|Publication number||US3905109 A|
|Publication date||16 Sep 1975|
|Filing date||22 Mar 1974|
|Priority date||22 Mar 1974|
|Publication number||US 3905109 A, US 3905109A, US-A-3905109, US3905109 A, US3905109A|
|Inventors||Cohen Bernard D, Zeewy Abraham|
|Original Assignee||Crysta Dent Inc|
|Export Citation||BiBTeX, EndNote, RefMan|
|Patent Citations (5), Referenced by (72), Classifications (8)|
|External Links: USPTO, USPTO Assignment, Espacenet|
United States Patent 1 Cohen et al.
[451 Sept. 16, 1975 DENTAL IMPLANT MEMBER  Inventors: Bernard D. Cohen; Abraham Zeewy,
both of Cleveland, Ohio  Assignee: Crysta-Dent, Inc., Cleveland, Ohio  Filed: Mar. 22, 1974  AppL No.: 453,711
 US. Cl. 32/10 A; 32/10 A  Int. C1. A61C 13/00  Field of Search 32/10 A  References Cited UNITED STATES PATENTS 4/1969 Brancato 32/10 A 9/1969 Christensen 32/10 A 5/1971 Stevens 32/10 A 3,589,011 6/1971 Sneer 32/10 A 3,787,900 1/1974 McGee 32/10 A FOREIGN PATENTS OR APPLICATIONS 49,639 1/1889 Germany 32/10 A Primary ExaminerRobert Peshock [5 7 ABSTRACT A dental implant member for supporting and stabiliz ing crowns, bridges, or the like, having a threaded portion to be received in the alveolar bone, a cylindrical section to be embraced by periodontal tissue, and a conical frustum section to be received in a suitable opening in the crown, terminal pontic of a bridge, or the like.
4 Claims, 6 Drawing Figures PATENTEU 1 75 SHEET 2 BF 2 FIG. 4
DENTAL IMPLANT MEMBER This invention relates to the field of dental prosthetics, and more particularly, to an improvement in-dental implant members.
BACKGROUND OF THE INVENTION lmplantology involves the embedment of one or more artificial support and stabilizing implant members in the alveolar bone portion of the jaw to. act as an artificial root fora prosthetic tooth, e.g., a crown, or a series of connected prosthetic teeth, e.g., a bridge.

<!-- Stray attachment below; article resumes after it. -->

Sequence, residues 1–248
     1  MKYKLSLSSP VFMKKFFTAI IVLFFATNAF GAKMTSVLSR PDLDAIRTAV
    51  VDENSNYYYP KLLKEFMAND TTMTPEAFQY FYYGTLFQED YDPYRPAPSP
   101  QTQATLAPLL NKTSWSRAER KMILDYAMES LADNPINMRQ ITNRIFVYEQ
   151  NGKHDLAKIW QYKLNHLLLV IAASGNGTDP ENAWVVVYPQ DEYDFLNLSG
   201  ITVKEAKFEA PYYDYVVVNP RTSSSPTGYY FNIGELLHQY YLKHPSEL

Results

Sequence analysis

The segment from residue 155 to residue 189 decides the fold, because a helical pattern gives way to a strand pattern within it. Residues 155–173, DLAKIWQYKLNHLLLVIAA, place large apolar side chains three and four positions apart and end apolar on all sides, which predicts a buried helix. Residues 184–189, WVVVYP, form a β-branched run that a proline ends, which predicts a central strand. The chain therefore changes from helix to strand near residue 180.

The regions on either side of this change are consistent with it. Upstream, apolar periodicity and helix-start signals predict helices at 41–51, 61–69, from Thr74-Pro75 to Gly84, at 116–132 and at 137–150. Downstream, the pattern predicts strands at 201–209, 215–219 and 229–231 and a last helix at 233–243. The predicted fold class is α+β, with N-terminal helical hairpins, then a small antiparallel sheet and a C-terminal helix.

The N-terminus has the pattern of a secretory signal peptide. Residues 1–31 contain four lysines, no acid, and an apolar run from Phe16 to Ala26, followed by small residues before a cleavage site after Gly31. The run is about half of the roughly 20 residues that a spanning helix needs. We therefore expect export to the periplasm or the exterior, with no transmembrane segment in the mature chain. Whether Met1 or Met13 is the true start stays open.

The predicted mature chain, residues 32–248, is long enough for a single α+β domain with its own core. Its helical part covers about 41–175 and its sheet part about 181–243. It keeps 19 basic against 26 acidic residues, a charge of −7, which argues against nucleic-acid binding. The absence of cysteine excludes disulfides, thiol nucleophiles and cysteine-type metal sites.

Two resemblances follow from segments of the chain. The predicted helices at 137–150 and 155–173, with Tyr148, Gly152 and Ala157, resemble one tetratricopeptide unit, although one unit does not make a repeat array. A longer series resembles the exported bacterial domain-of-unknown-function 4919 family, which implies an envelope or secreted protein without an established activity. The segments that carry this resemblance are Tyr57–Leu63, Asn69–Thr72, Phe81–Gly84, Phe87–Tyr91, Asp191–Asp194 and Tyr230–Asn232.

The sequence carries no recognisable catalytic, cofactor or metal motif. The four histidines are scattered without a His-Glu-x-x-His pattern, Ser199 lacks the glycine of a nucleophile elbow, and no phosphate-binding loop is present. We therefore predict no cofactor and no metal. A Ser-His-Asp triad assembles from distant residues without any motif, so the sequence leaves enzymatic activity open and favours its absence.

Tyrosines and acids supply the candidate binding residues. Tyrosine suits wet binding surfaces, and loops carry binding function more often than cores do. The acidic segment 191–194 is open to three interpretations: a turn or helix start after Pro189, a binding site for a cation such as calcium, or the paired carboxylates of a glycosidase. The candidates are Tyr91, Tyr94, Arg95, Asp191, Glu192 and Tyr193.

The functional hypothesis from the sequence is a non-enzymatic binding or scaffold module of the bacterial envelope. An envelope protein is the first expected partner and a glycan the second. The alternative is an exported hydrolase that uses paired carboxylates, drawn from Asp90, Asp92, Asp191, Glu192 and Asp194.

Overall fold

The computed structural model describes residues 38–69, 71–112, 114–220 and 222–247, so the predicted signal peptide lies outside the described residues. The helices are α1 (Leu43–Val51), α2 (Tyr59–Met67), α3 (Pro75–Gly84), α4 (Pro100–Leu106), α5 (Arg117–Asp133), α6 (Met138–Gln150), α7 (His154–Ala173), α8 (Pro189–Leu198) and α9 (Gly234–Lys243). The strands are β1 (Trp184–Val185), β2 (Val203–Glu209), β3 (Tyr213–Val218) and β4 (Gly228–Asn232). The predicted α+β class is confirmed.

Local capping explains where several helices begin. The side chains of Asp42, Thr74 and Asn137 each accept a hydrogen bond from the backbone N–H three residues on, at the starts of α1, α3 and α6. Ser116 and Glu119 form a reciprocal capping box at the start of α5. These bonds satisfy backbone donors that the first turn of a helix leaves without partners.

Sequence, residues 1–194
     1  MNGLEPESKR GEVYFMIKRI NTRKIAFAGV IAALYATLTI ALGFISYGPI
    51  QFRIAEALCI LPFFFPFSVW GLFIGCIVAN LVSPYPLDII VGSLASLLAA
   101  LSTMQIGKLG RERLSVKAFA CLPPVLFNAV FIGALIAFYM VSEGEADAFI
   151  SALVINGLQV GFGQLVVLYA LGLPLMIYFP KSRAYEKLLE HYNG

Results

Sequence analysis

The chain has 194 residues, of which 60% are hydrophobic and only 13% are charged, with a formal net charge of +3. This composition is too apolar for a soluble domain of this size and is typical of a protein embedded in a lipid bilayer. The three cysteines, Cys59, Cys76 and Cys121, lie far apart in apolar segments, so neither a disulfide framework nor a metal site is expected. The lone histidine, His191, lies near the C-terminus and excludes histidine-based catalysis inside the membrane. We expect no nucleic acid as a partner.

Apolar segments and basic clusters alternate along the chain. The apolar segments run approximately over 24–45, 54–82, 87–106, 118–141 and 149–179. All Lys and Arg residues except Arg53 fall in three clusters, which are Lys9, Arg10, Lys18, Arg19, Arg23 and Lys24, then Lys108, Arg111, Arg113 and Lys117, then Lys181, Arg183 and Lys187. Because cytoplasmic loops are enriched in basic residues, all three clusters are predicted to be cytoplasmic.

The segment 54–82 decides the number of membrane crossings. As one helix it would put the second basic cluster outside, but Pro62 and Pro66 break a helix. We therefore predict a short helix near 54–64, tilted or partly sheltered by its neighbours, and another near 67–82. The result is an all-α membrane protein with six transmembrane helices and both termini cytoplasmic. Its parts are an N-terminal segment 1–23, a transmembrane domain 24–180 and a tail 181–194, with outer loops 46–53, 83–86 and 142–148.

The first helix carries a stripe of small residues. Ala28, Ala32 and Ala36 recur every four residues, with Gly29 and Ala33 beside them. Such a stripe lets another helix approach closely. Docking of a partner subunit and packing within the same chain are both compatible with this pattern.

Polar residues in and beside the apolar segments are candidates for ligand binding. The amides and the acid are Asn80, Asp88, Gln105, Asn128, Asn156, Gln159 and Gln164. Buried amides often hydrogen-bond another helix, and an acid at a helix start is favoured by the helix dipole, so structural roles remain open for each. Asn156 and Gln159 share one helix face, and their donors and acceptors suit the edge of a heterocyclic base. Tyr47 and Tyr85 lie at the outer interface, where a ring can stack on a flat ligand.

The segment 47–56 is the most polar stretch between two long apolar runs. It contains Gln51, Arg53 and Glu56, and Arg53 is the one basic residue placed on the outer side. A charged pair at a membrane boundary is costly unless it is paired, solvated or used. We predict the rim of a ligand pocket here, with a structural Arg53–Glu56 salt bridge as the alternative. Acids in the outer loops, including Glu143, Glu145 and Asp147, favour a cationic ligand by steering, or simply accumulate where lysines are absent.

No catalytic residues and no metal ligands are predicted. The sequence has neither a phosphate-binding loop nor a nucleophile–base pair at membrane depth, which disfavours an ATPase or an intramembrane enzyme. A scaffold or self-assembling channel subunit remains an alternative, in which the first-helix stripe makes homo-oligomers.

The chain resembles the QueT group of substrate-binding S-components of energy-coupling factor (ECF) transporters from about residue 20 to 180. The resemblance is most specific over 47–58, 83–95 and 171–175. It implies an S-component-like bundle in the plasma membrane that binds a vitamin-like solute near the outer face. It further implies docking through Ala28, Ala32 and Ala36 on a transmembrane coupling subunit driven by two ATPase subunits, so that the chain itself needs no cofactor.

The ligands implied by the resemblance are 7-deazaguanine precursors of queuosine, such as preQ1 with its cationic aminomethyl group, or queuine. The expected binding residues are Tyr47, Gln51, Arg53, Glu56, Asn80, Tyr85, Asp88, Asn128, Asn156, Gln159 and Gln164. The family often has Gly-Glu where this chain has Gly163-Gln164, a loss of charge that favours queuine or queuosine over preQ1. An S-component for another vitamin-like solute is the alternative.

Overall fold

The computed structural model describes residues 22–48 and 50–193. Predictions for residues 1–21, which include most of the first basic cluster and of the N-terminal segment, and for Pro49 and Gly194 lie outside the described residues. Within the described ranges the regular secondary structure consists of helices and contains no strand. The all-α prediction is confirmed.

This technique is to be distinguished from the conventional crown procedure wherein the ground-down stub of a viable tooth is used as the support structure.
The implantology technique is to be distinguished, also, from the conventional technique for preparing a bridge wherein the prosthetic device is-c1amped to adjacent sound tooth structure for support and stabilization.
vIn general, an implant member will be employed to support a crown where the stub of a natural tooth is not available, and it will be used to support a bridge where it is not possible or is undesirable to anchor the prosthetic device to the natural-tooth next adjacent to the gap to be bridged, and where such a natural tooth is absent.
The use of implant members enables the dentist to develop prosthetic devices which are self-contained, and self-supporting, and which do not require the presenceof adjacent natural teeth. Further, prosthetic devices supported by implant members are generally lighter in weight than varieties which are supported by adjacent natural teeth, more comfortable to wear, and are aesthetically more pleasing since they are free of visible metal clamps and the like.
A variety of dental implant members have been proposed and experimented with. These include devices in the forms of blades, pins, screwsand the like. For one reason or another, none of these devices has as yet met with substantial commercial success. For example, blade-shaped implant members require extensive surgery to install, and this is accompanied, necessarily, by substantial trauma. Pins, although easier to install, frequently provide inadequate long term support and stabilization because of their relatively small cross-section and poor anchoring ability.